Evidence for state, community and systems-level prevention strategies to address the opioid crisis.

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BACKGROUND: Practitioners and policy makers need evidence to facilitate the selection of effective prevention interventions that can address the ongoing opioid overdose epidemic in the United States.

METHODS: We conducted a systematic review of publications reporting on rigorous evaluations of systems-level interventions to address provider and patient/public behavior and prevent prescription and illicit opioid overdose. A total of 251 studies were reviewed. Interventions studied included 1) state legislation and regulation, 2) prescription drug monitoring programs (PDMPs), 3) insurance strategies, 4) clinical guideline implementation, 5) provider education, 6) health system interventions, 7) naloxone education and distribution, 8) safe storage and disposal, 9) public education, 10) community coalitions, and 11) interventions employing public safety and public health collaborations.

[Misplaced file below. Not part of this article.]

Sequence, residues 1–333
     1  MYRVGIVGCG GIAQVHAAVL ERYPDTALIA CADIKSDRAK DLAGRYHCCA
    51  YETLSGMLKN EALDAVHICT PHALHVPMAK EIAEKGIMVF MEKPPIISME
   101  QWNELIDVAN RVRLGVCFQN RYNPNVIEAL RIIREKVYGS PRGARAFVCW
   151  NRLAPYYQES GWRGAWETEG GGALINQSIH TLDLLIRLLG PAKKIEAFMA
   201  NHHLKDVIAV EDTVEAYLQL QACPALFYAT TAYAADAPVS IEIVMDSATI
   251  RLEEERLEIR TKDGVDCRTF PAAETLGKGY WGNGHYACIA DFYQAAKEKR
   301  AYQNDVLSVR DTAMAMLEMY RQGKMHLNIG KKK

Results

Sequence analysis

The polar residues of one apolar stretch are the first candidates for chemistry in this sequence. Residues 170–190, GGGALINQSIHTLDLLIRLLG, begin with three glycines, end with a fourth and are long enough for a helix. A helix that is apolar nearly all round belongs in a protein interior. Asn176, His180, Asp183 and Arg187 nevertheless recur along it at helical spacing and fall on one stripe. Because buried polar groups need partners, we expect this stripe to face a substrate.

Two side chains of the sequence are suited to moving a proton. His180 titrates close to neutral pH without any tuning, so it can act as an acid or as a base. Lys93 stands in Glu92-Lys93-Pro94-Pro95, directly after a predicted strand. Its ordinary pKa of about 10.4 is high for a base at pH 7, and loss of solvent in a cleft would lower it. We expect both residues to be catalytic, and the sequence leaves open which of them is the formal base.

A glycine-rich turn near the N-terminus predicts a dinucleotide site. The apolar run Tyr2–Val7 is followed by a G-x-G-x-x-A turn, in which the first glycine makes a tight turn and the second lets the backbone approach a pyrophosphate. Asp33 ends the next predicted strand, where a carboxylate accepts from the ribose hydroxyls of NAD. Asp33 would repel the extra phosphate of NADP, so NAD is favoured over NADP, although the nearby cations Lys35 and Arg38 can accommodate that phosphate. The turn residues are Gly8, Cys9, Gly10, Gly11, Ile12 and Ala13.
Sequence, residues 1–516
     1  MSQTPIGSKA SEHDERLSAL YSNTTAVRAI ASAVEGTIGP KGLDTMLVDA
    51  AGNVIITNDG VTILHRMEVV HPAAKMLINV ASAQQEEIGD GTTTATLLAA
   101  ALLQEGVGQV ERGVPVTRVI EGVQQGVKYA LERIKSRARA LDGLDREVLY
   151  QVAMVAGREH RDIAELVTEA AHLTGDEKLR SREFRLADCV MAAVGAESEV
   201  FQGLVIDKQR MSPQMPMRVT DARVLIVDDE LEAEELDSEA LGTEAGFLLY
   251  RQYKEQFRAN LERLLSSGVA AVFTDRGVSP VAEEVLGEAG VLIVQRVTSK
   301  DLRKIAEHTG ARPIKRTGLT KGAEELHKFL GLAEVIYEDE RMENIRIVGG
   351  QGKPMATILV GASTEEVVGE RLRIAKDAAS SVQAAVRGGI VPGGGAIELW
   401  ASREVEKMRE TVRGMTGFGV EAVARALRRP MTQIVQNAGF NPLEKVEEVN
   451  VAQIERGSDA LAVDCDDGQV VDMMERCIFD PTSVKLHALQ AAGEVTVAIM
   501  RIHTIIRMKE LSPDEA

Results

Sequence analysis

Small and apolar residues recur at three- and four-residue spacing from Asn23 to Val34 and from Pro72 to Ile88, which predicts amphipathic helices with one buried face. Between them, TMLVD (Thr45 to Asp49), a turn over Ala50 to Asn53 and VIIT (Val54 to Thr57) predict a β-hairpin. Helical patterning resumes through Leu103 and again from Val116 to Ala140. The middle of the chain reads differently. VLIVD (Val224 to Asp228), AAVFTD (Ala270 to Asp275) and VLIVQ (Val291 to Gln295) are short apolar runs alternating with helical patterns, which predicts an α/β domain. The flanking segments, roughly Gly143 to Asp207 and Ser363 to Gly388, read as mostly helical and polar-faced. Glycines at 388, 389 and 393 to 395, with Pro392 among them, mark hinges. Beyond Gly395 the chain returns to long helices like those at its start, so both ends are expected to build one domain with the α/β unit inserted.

RESULTS: The quality of evidence supporting selected interventions was low to moderate. Interventions with the strongest evidence include PDMP and pain clinic legislation, insurance strategies, motivational interviewing in clinical settings, feedback to providers on opioid prescribing behavior, intensive school and family-based programs, and patient education in the clinical setting.

CONCLUSIONS: Although evidence is growing, further high-quality research is needed. Investigators should aim to identify strategies that can prevent overdose, as well as influence public, patient, and provider behavior. Identifying which strategies are most effective at addressing prescription compared to illicit opioid misuse and overdose could be fruitful, as well as investigating synergistic effects and unintended consequences.